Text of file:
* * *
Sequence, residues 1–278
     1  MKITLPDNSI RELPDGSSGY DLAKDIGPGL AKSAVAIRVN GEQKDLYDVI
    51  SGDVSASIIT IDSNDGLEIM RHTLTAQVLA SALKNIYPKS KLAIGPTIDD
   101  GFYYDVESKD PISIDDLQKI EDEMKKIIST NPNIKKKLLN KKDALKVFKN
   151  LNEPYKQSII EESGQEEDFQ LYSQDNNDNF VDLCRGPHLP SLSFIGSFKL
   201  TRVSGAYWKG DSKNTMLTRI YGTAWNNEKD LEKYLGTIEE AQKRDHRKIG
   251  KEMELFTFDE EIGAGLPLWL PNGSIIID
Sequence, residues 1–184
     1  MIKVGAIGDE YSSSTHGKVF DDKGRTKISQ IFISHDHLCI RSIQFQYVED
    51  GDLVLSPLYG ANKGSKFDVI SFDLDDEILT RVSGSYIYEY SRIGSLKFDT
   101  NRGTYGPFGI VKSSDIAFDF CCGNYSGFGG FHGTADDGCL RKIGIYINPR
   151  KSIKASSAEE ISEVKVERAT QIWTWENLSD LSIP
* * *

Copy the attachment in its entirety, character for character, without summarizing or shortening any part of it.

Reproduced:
Sequence, residues 1–278
     1  MKITLPDNSI RELPDGSSGY DLAKDIGPGL AKSAVAIRVN GEQKDLYDVI
    51  SGDVSASIIT IDSNDGLEIM RHTLTAQVLA SALKNIYPKS KLAIGPTIDD
   101  GFYYDVESKD PISIDDLQKI EDEMKKIIST NPNIKKKLLN KKDALKVFKN
   151  LNEPYKQSII EESGQEEDFQ LYSQDNNDNF VDLCRGPHLP SLSFIGSFKL
   201  TRVSGAYWKG DSKNTMLTRI YGTAWNNEKD LEKYLGTIEE AQKRDHRKIG
   251  KEMELFTFDE EIGAGLPLWL PNGSIIID
Sequence, residues 1–184
     1  MIKVGAIGDE YSSSTHGKVF DDKGRTKISQ IFISHDHLCI RSIQFQYVED
    51  GDLVLSPLYG ANKGSKFDVI SFDLDDEILT RVSGSYIYEY SRIGSLKFDT
   101  NRGTYGPFGI VKSSDIAFDF CCGNYSGFGG FHGTADDGCL RKIGIYINPR
   151  KSIKASSAEE ISEVKVERAT QIWTWENLSD LSIP